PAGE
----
A man convicted last year of driving drunk in a fiery 2011 interstate crash that killed two adults and three children should get a new trial because the Baton Rouge judge who presided over his jury trial had prejudged him guilty, the man’s attorney argued before another judge Monday.

“This case needs to be tried again before a judge who hasn’t made up his or her mind,” Jim Boren, who represents David Leger, argued to state District Judge Chip Moore.

But prosecutor Ron Gathe countered that an East Baton Rouge Parish jury unanimously found Leger, 32, of Palmetto, guilty in July of five counts of vehicular homicide.

“This was a jury trial,” Gathe argued. “No injustice was done.”

Moore took Boren’s and Gathe’s arguments under advisement and said he will issue a ruling March 10.

Leger, who has not been sentenced, faces a prison term of five to 30 years on each count.

Leger’s case was randomly reassigned to Moore after state District Judge Don Johnson, in November, disqualified state District Judge Trudy White from sentencing Leger. Boren had argued to Johnson that White was biased against Leger or had displayed an appearance of impropriety in the case.

White convicted Leger’s co-defendant, Kelsye Hall, on five counts of negligent homicide in 2013 and sentenced the 25-year-old Baton Rouge woman to two years in prison. Hall, who testified at Leger’s trial but not her own, was released in July. She remains on probation.

Authorities and witnesses have said Leger and Hall were engaged in a reckless and high-speed game of “cat and mouse” or road rage on Interstate 10 West on March 13, 2011, when Leger’s pickup spun out of control, crossed the grassy median and collided head-on with a car driven by Effie Fontenot on I-10 east between the Highland Road exit and the Bluff Road overpass near the Ascension Parish line.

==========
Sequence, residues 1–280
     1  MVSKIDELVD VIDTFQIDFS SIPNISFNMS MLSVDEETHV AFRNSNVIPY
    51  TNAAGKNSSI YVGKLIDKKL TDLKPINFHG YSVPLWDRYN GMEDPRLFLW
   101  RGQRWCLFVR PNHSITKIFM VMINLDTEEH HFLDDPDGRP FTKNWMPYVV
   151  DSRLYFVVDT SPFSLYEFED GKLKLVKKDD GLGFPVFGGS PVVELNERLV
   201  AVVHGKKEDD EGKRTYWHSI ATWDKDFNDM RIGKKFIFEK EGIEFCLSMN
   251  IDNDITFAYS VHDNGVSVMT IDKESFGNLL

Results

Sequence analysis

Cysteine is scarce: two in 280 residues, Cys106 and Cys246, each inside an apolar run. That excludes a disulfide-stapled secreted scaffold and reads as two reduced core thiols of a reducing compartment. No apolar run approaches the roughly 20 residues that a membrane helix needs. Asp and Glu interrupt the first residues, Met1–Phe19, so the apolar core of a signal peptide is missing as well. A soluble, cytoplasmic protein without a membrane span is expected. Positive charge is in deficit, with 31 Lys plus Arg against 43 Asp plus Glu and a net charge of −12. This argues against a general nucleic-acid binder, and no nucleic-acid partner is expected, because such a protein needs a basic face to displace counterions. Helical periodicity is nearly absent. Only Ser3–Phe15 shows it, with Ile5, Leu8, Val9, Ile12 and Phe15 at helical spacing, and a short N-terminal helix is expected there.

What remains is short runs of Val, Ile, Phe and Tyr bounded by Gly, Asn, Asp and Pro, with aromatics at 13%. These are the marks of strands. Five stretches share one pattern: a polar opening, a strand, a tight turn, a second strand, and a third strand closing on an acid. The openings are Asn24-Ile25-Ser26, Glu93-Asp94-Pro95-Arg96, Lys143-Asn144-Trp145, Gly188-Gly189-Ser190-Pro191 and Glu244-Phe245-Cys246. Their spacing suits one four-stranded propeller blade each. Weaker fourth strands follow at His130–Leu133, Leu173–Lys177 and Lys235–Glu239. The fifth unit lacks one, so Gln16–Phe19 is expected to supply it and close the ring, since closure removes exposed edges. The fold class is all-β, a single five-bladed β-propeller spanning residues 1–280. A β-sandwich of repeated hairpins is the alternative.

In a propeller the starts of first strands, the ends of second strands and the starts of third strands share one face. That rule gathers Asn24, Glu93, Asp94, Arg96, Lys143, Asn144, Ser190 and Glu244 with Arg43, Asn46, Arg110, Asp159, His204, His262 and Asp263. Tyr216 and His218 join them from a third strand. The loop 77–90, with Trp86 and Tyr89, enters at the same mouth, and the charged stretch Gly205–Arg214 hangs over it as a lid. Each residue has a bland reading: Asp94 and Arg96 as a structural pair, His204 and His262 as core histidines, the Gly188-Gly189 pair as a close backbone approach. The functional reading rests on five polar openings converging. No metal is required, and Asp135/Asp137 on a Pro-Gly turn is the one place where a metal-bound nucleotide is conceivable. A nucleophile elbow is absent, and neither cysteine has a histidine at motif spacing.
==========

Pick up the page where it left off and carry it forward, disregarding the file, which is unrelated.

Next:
State Police said Leger was intoxicated at the time. Hall was not impaired.

Boren argued Monday that White demonstrated at Hall’s sentencing hearing that she already had determined Leger was drunk and guilty — well before his trial.

“While you were determined to be criminally negligent, the evidence also showed that David Leger traveled erratically as he operated his vehicle under the influence of alcohol,” Boren quoted White as saying at Hall’s sentencing. “It was Leger who overcompensated with his steering as he tried to merge back … from the right shoulder.”

Boren then told Moore, “It causes us to have great doubt in the fairness of this proceeding.”

Boren, who was not Leger’s trial attorney, told Moore that White denied Leger’s motion for a new trial without reading the motion.

Boren said White gave the Leger jury improper instructions on the definition and requirement of a causal connection between alcohol and a crash for a vehicular homicide conviction. Boren said a court transcript of a related bench conference between White, Gathe and Leger’s trial attorney, Tommy Damico, is missing and apparently never recorded.

Moore expressed concern over the incomplete trial transcript, saying, “I don’t understand what happened.”

Gathe, who denied White had any control over the jury’s verdict, argued the judge gave the jury the definition of vehicular homicide.

Co-workers Fontenot, 29, and Kimberly Stagg, 19, both of Prairieville, and Fontenot’s three sons, Austin Fontenot, 3, Hunter Johnson, 7, and Keagan Fontenot, 11, were killed in the crash.